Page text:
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New AHA Statement Highlights Newer Approaches to Exercise as Medicine

 

 New AHA Statement Highlights Newer Approaches to Exercise as Medicine

For the first time in more than 10 years, the American Heart Association (AHA) has revised its official position on “Exercise Testing and Training”, relying on a team of international experts, including University of Vermont Professor of Medicine Philip Ades, M.D. Titled “Exercise Standards for Testing and Training,” the new statement appears in a July 22, 2013 epub in Circulation: Journal of the American Heart Association.

Ades, a cardiologist and director of cardiac rehabilitation and preventive medicine at Fletcher Allen Health Care, served as co-chair of the statement and chair of the exercise training writing group. His research, focused on exercise training among cardiac rehabilitation patients, has shown that rigorous activity that more effectively burns calories helps overweight and obese coronary patients lose weight and reduce cardiac episode recurrence.

In terms of what’s new in this AHA statement, Ades notes that the writing group took the approach that different types of exercise should be targeted for different outcomes.  For example, if exercise is prescribed as an adjunct to diet for weight loss, it should burn calories so the mantra should be “walk daily and walk far.”  If exercise is targeting physical function in an older woman, strength training is the focus since older women are often limited in their performance of physical activities by a lack of strength.  If the goal is to increase fitness, higher intensity interval training should be considered.  Additionally, the writing group made an effort to remove any barriers to exercise training such that if an individual is not symptomatic and is undertaking a walking program for general health maintenance and prevention, a screening exercise test is rarely needed.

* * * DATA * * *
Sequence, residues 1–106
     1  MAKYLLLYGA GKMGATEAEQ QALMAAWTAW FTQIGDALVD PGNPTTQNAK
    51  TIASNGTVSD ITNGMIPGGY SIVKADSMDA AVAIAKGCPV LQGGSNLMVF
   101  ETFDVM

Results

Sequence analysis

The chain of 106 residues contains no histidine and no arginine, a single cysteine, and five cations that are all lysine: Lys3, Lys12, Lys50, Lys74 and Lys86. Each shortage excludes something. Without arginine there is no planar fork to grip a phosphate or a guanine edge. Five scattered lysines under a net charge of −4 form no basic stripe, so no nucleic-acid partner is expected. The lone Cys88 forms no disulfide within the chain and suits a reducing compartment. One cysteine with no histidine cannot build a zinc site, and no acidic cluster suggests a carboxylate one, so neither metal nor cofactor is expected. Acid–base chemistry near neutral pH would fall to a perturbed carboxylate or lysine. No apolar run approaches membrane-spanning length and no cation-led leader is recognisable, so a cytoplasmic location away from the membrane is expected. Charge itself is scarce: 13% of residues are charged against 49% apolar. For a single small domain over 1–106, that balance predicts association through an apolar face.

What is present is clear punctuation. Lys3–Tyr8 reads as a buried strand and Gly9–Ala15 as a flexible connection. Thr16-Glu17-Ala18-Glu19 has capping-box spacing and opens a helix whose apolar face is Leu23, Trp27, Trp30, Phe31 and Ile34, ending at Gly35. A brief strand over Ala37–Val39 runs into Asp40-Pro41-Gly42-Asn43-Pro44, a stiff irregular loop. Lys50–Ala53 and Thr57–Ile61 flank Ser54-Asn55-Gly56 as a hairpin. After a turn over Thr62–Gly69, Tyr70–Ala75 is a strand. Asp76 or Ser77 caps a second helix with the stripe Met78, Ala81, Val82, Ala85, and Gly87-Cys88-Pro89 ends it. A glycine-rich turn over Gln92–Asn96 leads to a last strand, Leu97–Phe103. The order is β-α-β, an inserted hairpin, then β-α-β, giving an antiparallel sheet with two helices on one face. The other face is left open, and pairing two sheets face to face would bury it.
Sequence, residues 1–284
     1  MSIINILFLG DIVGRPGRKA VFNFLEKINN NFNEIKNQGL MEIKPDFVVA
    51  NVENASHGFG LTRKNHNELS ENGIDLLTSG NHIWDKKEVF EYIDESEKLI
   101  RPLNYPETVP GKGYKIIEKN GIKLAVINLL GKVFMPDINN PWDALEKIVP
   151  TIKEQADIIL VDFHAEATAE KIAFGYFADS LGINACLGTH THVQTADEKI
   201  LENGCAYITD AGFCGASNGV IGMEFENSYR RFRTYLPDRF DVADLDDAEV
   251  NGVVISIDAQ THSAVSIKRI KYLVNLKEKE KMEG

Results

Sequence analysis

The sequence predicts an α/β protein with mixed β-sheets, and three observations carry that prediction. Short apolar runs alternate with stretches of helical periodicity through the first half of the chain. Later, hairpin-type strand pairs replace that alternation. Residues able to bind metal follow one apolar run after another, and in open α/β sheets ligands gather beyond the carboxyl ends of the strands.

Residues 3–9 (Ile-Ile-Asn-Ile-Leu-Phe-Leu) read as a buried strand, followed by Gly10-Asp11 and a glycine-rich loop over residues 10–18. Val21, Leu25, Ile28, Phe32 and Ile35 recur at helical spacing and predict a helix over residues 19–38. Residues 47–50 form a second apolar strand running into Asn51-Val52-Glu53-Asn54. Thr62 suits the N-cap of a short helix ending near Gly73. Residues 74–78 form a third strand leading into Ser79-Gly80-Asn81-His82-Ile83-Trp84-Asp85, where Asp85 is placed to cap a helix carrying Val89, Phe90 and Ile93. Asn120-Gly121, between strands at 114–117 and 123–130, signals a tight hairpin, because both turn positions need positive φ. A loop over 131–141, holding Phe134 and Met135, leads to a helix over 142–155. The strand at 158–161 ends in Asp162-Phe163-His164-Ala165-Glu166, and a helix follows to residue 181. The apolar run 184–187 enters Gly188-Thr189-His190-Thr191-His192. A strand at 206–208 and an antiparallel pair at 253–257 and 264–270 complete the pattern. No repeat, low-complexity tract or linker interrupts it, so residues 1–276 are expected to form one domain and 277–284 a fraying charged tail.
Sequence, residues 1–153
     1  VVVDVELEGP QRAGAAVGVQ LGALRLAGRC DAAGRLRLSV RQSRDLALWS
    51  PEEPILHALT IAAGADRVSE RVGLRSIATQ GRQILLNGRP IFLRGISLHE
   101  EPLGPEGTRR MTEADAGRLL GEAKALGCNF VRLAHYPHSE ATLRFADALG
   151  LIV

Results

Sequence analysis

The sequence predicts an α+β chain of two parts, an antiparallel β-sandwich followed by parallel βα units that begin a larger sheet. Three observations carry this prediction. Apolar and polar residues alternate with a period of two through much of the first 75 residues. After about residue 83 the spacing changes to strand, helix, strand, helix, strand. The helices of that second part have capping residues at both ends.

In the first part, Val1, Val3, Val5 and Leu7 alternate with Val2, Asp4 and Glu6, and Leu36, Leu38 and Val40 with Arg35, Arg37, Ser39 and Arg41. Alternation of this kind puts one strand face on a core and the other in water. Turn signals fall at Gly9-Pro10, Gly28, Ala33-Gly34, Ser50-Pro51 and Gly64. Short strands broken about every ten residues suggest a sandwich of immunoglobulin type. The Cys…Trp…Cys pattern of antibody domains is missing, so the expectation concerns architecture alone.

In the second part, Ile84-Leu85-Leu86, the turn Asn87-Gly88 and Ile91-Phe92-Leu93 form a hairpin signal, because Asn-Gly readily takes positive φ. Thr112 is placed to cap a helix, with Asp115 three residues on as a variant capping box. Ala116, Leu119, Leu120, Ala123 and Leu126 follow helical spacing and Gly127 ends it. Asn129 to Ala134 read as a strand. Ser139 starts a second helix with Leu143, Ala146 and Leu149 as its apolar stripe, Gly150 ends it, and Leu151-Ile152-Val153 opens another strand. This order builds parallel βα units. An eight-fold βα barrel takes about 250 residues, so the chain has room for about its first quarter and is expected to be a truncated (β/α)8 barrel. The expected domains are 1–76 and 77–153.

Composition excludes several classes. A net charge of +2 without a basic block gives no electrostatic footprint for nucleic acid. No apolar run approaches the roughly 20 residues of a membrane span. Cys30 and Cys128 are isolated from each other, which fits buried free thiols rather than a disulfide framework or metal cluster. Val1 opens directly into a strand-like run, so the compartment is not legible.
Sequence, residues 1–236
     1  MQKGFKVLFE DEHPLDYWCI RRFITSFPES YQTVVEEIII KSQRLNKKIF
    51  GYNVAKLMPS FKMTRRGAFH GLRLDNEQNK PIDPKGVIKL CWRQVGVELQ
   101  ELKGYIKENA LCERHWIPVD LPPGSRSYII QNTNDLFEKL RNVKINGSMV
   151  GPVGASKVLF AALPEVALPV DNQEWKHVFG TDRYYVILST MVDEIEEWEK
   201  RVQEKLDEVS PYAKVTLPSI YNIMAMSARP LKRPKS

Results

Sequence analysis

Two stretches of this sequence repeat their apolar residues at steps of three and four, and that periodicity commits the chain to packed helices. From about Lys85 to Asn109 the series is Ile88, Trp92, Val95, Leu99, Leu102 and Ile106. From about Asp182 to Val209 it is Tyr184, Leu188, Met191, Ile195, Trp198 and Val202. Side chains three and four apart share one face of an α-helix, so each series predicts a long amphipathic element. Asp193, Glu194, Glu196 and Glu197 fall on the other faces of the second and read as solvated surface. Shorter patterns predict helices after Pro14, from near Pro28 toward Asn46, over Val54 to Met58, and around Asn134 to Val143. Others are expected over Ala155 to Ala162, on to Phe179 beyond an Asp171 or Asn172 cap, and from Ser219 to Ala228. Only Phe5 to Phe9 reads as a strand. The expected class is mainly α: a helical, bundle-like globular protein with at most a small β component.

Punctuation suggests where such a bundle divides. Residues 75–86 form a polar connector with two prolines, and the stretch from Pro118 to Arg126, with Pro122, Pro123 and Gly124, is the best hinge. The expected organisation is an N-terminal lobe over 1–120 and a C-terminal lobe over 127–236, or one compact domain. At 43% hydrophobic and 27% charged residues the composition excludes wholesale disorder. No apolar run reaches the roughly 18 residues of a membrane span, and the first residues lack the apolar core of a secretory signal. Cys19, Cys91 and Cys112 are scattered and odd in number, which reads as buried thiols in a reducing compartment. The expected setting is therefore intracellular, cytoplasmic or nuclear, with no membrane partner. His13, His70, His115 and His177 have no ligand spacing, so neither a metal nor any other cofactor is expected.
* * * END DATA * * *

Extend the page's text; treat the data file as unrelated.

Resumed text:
The new statement also addresses exercise in clinical populations, such as individuals with coronary heart disease where a stress test preceding exercise is routinely performed to ascertain that exercise that exercise is safe and to guide exercise intensity for the individual.  In most of these cases exercise is optimally started in a cardiac rehabilitation program.

“For heart patients, exercise should be viewed as a medication that one doses almost daily,” said Ades.  “For that given day it lowers blood pressure, improves insulin sensitivity, improves mood and acts as a stress manager.  It also lengthens life and improves the quality of life.”

Read the full article.

Read the accompanying editorial.

 

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